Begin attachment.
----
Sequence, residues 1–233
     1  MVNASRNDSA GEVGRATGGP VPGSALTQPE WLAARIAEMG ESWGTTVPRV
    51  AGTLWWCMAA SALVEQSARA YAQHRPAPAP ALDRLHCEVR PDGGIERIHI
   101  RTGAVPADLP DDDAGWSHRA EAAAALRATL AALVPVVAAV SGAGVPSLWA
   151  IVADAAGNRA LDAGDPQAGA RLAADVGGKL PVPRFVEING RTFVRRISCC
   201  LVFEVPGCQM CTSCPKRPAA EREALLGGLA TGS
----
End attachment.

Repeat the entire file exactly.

Sequence, residues 1–233
     1  MVNASRNDSA GEVGRATGGP VPGSALTQPE WLAARIAEMG ESWGTTVPRV
    51  AGTLWWCMAA SALVEQSARA YAQHRPAPAP ALDRLHCEVR PDGGIERIHI
   101  RTGAVPADLP DDDAGWSHRA EAAAALRATL AALVPVVAAV SGAGVPSLWA
   151  IVADAAGNRA LDAGDPQAGA RLAADVGGKL PVPRFVEING RTFVRRISCC
   201  LVFEVPGCQM CTSCPKRPAA EREALLGGLA TGS